The Phalaenopsis or ‘Moth Orchid’ is the one of the most common orchids sold in the Unites States and is one my favorite types. I especially love these orchids because even out of bloom their leaves are gorgeous!
Phalaenopsis orchids are very easy to produce because nurseries can “force” them into bloom year-round. Nurseries have a “perfect” growing environment in which humidity, light and temperature are controlled. This environment allows nurseries to produce blooming orchids year round. In nature orchids bloom on seasonal schedule. That is why if you are researching Phalaenopsis orchids, a lot of websites say that they should be out of bloom in the summer/fall even though you just picked up your Phalaenopsis, in full bloom, at your local nursery in the summer/fall. This can be very confusing because all these websites will tell you to repot an orchid, in a certain season, even though they are in full bloom (you are not supposed to repot orchids in full bloom unless they are in dire need). Now I know that these orchids were forced into bloom and I needed to wait till they had dropped their blooms to repot. Check out my Season by Season guide post where I explain this further.
Once you have acquired your own Phalaenopsis and they have gone through the full process of blooming and being properly repotted they will eventually bloom at their natural rate in your home – if you are giving them “natural” cues. Natural cues are important because if you are growing your orchids indoors then they may not “feel” the coolness of the fall. Phalaenopsis orchids “know” to spike (a spike is the beginning of the bloom stalk) when they feel the drop in temperature that comes with fall. If grown indoors the plant should be given two weeks of near minimal temperatures in the fall to initiate bloom spikes, which can be done by cracking a window for a few nights. This has always worked for me.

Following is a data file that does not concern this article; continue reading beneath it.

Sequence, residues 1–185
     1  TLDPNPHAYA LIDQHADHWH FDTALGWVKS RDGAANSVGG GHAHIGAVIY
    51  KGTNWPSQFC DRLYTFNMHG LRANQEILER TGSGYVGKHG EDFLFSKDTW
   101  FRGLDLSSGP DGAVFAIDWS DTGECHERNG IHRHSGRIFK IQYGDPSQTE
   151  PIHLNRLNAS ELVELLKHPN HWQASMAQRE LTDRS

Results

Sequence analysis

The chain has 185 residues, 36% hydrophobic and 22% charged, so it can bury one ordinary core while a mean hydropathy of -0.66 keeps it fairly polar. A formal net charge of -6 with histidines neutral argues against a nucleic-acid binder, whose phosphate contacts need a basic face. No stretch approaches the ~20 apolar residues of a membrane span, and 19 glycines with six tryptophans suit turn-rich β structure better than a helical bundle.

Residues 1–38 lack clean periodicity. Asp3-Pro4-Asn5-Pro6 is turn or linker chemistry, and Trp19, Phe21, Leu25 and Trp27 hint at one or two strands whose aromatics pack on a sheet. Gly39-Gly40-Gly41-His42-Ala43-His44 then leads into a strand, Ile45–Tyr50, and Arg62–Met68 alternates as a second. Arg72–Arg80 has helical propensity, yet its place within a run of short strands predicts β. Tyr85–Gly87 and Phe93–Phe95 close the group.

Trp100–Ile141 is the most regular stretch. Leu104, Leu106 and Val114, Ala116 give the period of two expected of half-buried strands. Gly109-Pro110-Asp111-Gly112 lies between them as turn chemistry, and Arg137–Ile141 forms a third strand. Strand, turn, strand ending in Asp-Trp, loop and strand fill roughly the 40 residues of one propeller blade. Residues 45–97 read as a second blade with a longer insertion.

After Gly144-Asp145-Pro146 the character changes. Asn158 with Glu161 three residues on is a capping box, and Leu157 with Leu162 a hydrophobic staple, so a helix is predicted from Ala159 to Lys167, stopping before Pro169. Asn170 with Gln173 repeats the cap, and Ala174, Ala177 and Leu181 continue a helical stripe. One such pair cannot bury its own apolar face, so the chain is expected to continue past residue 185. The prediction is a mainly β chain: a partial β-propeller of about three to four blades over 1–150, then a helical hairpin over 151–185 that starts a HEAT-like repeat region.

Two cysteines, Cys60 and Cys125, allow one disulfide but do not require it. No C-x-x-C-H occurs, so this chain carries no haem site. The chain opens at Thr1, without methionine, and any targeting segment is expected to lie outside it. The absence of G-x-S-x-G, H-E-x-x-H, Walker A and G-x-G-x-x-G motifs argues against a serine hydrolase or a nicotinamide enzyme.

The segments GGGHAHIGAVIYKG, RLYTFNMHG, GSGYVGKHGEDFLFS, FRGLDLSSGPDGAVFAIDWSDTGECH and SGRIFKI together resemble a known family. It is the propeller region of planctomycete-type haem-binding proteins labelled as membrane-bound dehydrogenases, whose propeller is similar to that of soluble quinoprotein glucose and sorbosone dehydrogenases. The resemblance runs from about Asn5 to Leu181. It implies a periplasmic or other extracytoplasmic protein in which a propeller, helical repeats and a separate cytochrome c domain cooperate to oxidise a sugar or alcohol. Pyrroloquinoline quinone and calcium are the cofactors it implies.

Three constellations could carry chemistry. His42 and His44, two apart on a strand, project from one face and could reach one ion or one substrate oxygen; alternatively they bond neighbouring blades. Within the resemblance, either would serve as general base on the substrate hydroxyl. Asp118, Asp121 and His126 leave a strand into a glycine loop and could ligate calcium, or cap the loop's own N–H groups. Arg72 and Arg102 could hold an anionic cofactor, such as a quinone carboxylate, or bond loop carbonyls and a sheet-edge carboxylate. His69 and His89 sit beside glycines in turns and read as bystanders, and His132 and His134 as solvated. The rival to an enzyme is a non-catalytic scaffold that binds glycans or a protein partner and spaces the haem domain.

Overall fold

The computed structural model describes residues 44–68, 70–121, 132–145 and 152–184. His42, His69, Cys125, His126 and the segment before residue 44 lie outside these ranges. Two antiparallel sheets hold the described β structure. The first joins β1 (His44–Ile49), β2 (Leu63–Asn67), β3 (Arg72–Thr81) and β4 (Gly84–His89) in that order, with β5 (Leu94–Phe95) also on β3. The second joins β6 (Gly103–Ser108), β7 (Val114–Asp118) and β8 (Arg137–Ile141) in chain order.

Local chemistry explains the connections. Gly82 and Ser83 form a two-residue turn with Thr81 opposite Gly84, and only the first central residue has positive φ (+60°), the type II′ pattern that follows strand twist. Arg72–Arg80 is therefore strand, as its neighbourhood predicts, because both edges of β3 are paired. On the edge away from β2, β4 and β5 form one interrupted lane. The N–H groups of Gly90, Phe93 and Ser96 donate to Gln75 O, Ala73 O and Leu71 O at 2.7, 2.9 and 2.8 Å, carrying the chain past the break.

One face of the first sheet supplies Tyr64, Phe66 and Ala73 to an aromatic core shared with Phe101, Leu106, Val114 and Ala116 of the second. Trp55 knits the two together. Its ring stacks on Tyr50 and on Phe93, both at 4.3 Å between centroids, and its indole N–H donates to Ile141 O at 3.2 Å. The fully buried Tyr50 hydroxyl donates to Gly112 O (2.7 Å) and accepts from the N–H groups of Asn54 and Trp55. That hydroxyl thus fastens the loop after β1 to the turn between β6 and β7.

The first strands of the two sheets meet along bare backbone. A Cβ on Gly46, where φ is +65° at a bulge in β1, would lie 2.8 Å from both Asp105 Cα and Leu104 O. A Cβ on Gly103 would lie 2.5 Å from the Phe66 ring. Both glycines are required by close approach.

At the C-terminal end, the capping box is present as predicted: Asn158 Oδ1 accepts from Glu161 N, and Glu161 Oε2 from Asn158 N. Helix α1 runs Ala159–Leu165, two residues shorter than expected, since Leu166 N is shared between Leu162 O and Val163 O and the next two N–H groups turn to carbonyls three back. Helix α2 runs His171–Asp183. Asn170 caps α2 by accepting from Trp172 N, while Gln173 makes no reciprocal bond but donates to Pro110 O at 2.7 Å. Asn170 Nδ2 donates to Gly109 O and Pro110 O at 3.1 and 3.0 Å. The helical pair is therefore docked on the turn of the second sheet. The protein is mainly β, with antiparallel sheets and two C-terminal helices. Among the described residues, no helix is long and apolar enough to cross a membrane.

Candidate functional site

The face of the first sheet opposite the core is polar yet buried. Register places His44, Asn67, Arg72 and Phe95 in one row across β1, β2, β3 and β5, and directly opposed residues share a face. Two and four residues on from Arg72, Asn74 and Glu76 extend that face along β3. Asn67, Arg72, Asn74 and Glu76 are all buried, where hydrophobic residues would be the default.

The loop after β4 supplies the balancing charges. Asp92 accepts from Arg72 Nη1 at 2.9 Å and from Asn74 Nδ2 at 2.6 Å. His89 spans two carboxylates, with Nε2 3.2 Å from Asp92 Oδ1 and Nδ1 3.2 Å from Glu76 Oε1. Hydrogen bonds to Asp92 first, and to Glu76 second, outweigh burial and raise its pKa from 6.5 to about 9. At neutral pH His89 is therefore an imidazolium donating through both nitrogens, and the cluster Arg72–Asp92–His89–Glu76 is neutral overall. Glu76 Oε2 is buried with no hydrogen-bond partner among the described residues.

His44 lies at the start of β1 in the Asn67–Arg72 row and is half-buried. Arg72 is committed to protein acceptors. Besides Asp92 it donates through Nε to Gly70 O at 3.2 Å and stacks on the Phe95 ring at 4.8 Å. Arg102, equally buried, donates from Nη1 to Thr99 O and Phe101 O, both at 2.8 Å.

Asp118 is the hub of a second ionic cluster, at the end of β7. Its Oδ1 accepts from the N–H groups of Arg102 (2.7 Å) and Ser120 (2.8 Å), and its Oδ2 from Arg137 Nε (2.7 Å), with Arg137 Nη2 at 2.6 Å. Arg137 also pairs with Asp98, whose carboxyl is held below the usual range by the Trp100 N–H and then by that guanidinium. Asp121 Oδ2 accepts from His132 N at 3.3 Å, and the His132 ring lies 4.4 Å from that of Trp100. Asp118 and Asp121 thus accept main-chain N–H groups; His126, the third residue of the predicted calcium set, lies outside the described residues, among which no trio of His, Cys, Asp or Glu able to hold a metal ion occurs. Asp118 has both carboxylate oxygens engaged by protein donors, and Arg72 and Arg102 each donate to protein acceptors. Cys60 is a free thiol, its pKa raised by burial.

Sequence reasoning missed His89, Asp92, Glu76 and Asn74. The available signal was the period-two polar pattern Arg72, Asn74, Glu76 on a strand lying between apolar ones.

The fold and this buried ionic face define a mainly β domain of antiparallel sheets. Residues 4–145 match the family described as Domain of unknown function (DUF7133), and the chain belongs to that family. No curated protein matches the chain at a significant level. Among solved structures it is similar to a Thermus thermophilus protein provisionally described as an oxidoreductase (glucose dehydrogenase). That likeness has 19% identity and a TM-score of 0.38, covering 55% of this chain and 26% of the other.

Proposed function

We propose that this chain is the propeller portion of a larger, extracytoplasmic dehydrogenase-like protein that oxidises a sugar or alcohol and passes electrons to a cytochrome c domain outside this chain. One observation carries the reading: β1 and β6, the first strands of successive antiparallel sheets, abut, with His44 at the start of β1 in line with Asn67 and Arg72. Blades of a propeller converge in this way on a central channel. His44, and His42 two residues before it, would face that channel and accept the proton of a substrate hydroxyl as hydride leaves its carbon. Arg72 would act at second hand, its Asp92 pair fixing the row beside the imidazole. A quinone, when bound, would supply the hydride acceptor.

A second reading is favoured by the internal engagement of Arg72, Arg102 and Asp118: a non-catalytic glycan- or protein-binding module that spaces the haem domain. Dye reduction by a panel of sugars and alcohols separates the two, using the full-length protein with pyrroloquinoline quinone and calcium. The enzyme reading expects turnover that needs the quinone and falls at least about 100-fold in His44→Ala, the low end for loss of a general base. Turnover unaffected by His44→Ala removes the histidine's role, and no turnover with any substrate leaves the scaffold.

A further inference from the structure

Phalaenopsis go through the following process IF grown naturally (in the midwest of the U.S.)… not in a green house;
My Phalaenopsis are very easily grown in our house and they stay in bloom for a very long time. Many other types of orchids can be very finicky but Phalaenopsis can be repotted anytime, though it is usually best to do so when not in bloom. I have had to some emergency repotting when a recently acquired Phalaenopsis was in major distress (for example one was potted in a pot that had no drainage and the roots were rotting = orchids will die with no drainage/standing water).
My Phalaenopsis do well living in my large windowsill (as shown above). They enjoy the natural light and since I have them on humidity trays they enjoy consistent moisture. Please see my previous post on repotting and watering.
Hope that helps,
Feel free to leave comments or questions here and you can always email me at firstname.lastname@example.org with pictures of your orchid.